Weight discrimination is costly for women

From the Guardian:

Being thin, it seems, is an unspoken requirement if you’re after a fatter paycheck. And the thinner you are, the better you fare, financially speaking. If you are deemed to be heavy, on the other hand, you suffer, as a 2011 study made clear. Heavy women earned $9,000 less than their average-weight counterparts; very heavy women earned $19,000 less. Very thin women, on the other hand, earned $22,000 more than those who were merely average. And yes, those results are far more visible on women’s earnings than on those of men.

You may also struggle for promotion. It turns out that about half of male CEOs are overweight, but only 5% of female CEOs carry extra pounds. Add an extra layer to that glass ceiling.

The patchwork quilt of achievement

This is just wonderful, the wonderful Athene Donald reflecting on Mary Catherine Bateson:

Consider the following sentence:

‘We see achievement as purposeful and monolithic, like sculpting of a massive tree trunk that has first to be brought from the forest and then shaped by long labor to assert the artist’s vision, rather than something crafted from odds and ends, like a patchwork quilt, and lovingly used to warm different nights and bodies.’

[Bateson’s] sympathies are all with the crafting of a life from bits and pieces rather than those (few?) who simply move from A to B, knowing that B was always where they wanted to be, probably even having set a timescale to achieve this pinnacle of their aspirations. Some people may start off like that. Few I would wager actually manage such a straightforward passage, far fewer than the young setting out are likely to believe. For most of us, however successful we may look to others, there has been a substantial amount of crafting, reshaping, thinking again once one’s heart desire is snatched away and picking oneself off the floor amongst the detritus….

Here’s to patchwork quilts.


Happy Halloween, ya’ll

The Chronicle of Higher Education gives us, in festive mood, A Brief History of Academics Writing Seriously About Zombies. Unsurprisingly, philosophy takes center stage:

In philosophy, zombies are confined safely to the theoretical realm. Contemporary philosophers use thought experiments involving zombies to “illuminate problems about consciousness and its relation to the physical world,” according to the Stanford Encyclopedia of Philosophy, whose entry on “zombies” includes priceless passages such as this:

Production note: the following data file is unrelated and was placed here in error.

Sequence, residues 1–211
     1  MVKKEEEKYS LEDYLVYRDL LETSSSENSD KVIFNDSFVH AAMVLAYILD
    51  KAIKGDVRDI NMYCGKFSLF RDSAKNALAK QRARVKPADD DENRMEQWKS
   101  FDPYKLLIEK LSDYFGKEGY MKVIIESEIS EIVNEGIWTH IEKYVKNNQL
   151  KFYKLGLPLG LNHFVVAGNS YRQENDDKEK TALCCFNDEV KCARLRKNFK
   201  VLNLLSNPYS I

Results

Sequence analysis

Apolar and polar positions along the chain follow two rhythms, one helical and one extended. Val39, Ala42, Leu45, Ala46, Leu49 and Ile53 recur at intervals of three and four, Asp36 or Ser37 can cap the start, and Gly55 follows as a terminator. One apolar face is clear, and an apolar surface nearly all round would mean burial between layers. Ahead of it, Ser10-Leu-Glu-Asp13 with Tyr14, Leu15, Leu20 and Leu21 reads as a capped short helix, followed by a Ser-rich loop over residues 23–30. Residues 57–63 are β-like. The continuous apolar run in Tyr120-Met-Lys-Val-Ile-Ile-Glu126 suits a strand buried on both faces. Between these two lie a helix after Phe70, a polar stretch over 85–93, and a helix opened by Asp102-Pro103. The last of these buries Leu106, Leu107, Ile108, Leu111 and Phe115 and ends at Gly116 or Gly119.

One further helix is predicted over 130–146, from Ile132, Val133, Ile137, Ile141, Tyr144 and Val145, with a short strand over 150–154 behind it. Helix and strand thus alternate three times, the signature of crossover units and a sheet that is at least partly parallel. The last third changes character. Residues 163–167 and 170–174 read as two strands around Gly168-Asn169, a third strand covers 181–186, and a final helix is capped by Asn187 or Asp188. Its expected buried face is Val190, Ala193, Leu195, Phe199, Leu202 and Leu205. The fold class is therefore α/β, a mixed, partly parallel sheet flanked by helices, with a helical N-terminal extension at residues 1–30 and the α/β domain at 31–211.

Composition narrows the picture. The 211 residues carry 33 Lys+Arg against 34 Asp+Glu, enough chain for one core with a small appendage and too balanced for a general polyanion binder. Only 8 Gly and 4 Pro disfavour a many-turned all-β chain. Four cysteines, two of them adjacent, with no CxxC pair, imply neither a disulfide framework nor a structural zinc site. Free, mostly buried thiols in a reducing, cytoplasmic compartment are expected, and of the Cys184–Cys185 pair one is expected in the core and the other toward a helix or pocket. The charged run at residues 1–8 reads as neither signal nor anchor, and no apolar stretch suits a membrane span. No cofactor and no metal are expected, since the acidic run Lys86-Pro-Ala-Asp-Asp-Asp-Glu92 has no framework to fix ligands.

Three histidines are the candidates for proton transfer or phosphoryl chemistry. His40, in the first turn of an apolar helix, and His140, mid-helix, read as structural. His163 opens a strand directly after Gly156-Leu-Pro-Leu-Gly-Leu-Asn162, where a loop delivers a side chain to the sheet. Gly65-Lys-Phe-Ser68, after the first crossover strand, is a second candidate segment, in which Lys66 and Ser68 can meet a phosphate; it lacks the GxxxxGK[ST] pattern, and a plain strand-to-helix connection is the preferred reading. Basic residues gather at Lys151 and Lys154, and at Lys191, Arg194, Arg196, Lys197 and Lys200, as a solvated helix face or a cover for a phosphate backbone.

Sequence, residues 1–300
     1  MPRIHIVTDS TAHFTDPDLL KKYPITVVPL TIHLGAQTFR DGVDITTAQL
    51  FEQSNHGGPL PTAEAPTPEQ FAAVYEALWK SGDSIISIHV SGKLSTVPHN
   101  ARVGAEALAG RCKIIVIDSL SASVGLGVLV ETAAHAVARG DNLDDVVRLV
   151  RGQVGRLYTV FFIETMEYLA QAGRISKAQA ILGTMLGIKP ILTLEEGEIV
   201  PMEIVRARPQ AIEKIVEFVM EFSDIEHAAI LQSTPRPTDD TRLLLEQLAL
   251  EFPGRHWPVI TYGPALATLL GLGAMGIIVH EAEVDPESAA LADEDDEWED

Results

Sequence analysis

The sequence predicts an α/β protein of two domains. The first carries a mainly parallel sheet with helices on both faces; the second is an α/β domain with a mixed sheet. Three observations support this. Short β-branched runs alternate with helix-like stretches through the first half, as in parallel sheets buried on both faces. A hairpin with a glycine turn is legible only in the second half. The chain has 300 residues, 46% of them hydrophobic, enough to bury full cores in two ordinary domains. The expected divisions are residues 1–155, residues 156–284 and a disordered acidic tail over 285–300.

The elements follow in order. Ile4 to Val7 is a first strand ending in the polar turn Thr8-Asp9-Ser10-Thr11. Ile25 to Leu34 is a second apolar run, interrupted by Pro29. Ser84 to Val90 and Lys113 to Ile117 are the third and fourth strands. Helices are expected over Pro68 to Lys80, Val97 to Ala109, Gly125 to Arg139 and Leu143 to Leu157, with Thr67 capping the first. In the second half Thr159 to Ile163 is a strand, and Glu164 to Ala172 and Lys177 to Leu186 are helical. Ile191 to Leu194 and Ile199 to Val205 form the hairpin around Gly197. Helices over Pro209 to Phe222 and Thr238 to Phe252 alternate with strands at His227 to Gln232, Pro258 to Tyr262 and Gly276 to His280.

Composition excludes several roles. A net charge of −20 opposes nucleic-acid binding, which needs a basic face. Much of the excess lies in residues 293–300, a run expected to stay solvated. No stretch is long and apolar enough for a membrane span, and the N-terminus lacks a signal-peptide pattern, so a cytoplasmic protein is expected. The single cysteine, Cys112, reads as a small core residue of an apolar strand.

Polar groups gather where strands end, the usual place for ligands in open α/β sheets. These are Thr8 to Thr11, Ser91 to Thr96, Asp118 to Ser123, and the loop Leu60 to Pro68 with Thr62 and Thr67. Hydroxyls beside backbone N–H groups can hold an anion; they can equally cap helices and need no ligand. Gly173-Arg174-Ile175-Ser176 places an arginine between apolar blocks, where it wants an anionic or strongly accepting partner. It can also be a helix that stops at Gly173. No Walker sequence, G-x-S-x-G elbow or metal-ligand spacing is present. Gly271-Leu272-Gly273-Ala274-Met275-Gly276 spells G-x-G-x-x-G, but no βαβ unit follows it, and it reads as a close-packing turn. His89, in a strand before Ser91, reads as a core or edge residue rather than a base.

“Suppose a population of tiny people disable your brain and replicate its functions themselves, while keeping the rest of your body in working order (see Block 1980); each homunculus uses a cell phone to perform the signal-receiving and -transmitting functions of an individual neuron. Now, would such a system be conscious? Intuitively one may be inclined to say obviously not. Some, notably functionalists, bite the bullet and answer yes. However, the argument does not depend on assuming that the homunculus-head would not be conscious. It depends only on the assumption that its not being conscious is conceivable—which many people find reasonable. In [the philosopher David] Chalmers’s words, all that matters here is that when we say the system might lack consciousness, ‘a meaningful possibility is being expressed, and it is an open question whether consciousness arises or not’ (1996, p. 97). If he is right, then the system is not conscious. In that case it is already very much like a zombie, the only difference being that it has little people where a zombie has neurons.”
And this:

“Suppose I smell roasting coffee beans and say, ‘Mm! Roasting coffee: I love that smell!’. Everyone would rightly assume I was talking about my experience. But now suppose my zombie twin produces the same utterance. He too seems to be talking about an experience, but in fact he isn’t because he’s just a zombie. Is he mistaken? Is he lying? Could his utterance somehow be interpreted as true, or is it totally without truth value? Nigel Thomas (1996) argues that ‘any line that zombiphiles take on these questions will get them into serious trouble.’”

Serious trouble, indeed. In some corners of academe, real zombies are unnecessary: the brains eat themselves.

Big burn, Chronicle. Now in the spirit of the season, I think we’re all honor bound to leave burning bags of dog poop on the Chronicle’s door step. . .

CFP: New Encounters in French and Italian Thought

20th Annual Conference Sponsored by the Philosophy Graduate Student Union (PGSU)
March 13-14, 2015
Villanova University
New Encounters in French and Italian Thought
Keynote: Jason E. Smith

The negotiation between French and Italian activists and intellectuals in the mid-twentieth century opened a field of theoretical experimentation, the effects of which pose a challenge for contemporary politics. This encounter materialized through various collectives, traversing the neat intellectual and practical boundaries of the academy. Whether through the images of intellectuals in the streets, or through radical activist groups extending from the Situationist International to Tiqqun, the laboratory of French and Italian thought poses a constellation of conceptual weapons that remain vital for any contestation with the state of things. These implements have been successful in intervening within contemporary struggles on the level of theory, practice, and the construction of history in the present.

Under the inheritance of this tradition, this conference invites submissions from the interstices and margins of recent French and Italian philosophy. Possible paper topics include feminist recapitulations of post-workerism, the theoretical legacy of biopolitics as it is taken up in Agamben and Esposito, and the ongoing challenges for theory and practice posed by social movements extending from Latin America to the Mediterranean in the wake of events such as Mohamed Bouazizi’s self-immolation.